Standard vs Mini Tummy Tuck? Worried About Scarring and Stretch Marks.

Im a 20 year old mother of one (14months old). Im still a somewhat petite girl, 5'5" 125 lbs. My main issue with my stomach is the stretch marks, so Id like to lose as many of those as possible. I am, however, worried about a large scar or a really low, flat belly button.

Doctor Answers (10)

Tummy Tuck for Stretch Marks (Full vs. Mini)

+2

In order to get rid of the greatest possible amount of the skin that has stretch marks with a tummy tuck, then a longer scar will have to be accepted. In general the length of the scar will have to be at least 3 times the vertical height of the skin to be removed. With a full tummy tuck, this is usually all of the skin between the top of the belly button and the incision at the level of the pubic hairline. The typical scar for this procedure extends from one hip to the other. With a mini tummy tuck, the belly button is not relocated and only about half as much skin is removed, from the pubic hairline to maybe half way to the belly button. If your primary goal is to get rid of as much skin and stretch marks as possible and there is enough loose, excess skin, then a full tummy tuck is probably the best option.


Miami Plastic Surgeon
5.0 out of 5 stars 8 reviews

Tummy tuck or not?

+2

There is very little that can be done for faded or flesh colored stretch marks (striae distensae). I would strongly encourage you to undertake a regimen of core strengthening exercises such as Pilates or Yoga. If you are considering any more children, avoid a tummy tuck for now.

Otto Joseph Placik, MD
Chicago Plastic Surgeon
5.0 out of 5 stars 41 reviews

Mini vs full tummy tuck.

+1

Thank you for the photo.  The mini tummy tuck is good for extra skin under the belly button.  For skin above the belly button, belly button issues, separated muscles, excess skin above the belly button, a full tummy tuck is usually better.  Please seek out a board certified plastic surgeon.

Jeffrey Roth, MD
Las Vegas Plastic Surgeon
4.5 out of 5 stars 7 reviews

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Tummy tuck or mini-tummy tuck?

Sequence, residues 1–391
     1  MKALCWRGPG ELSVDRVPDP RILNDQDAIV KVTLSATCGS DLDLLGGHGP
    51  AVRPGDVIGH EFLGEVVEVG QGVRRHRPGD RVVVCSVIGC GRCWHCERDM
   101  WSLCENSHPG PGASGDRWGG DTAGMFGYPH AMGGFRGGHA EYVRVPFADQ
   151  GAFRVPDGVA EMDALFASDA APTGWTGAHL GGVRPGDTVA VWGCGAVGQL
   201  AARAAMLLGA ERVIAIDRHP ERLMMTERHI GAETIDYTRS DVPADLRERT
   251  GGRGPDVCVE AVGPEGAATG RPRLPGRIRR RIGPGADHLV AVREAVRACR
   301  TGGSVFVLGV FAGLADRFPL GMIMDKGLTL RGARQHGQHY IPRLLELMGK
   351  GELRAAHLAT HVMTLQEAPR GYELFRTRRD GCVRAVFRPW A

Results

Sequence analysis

+1

In my opinion, the mini tummy talk is an  operation that  produces very limited results and is very rarely indicated. It involves a shorter incision but does not address the majority of the abdominal wall issues present for most patients who present consultation. For example, the area of skin excised is quite small. The abdominal wall musculature is addressed below the umbilicus leaving the upper number wall potentially lax. The appearance of the umbilicus is not necessarily addressed sufficiently.
For most patients who have had pregnancies and/or weight loss a full abdominoplasty is necessary to achieve the desired results. Of course, there are downsides (including a longer scar and probably a longer recovery time) but for most patients the benefits outweigh the downsides. It is not unusual to see patients who've had mini tummy tuck  surgery present for  revisionary surgery.
It is important to work with a well experienced board-certified plastic surgeon to obtain advice (based on good ethics and judgment) to  improve your chances of a successful outcome and minimize the need for further surgery.
I hope this helps.

Tom J. Pousti, MD, FACS
San Diego Plastic Surgeon
5.0 out of 5 stars 681 reviews

When to get a mini tummy tuck or a full tummy tuck

+1

A tummy tuck is a safe and effective procedure that can create a more contoured abdomen, a tight waist and a beautiful figure.

In our Miami practice, we feel that as all patients are unique, so is every tummy tuck.
Some of our patients receive a mini tummy tuck, some receive a full tummy tuck, while others receive a combination of both procedures. During the initial consultation, we spent a great deal of time talking to the patients to understand what their concerns are, to learn their aesthetic goals, so that in this way we can create a surgical plan that will help the patient meet their aesthetic ideal. If a woman has extra skin and extra fat but the muscles are in good condition, we may be able to perform a mini tummy tuck. If the woman also needs a muscle repair, a full or a regular tummy tuck may be necessary.